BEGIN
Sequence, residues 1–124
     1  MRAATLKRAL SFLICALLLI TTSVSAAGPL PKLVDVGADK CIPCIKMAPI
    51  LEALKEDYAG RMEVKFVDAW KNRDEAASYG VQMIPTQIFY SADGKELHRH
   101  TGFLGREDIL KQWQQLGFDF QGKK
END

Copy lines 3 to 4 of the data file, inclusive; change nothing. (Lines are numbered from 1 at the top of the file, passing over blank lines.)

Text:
    51  LEALKEDYAG RMEVKFVDAW KNRDEAASYG VQMIPTQIFY SADGKELHRH
   101  TGFLGREDIL KQWQQLGFDF QGKK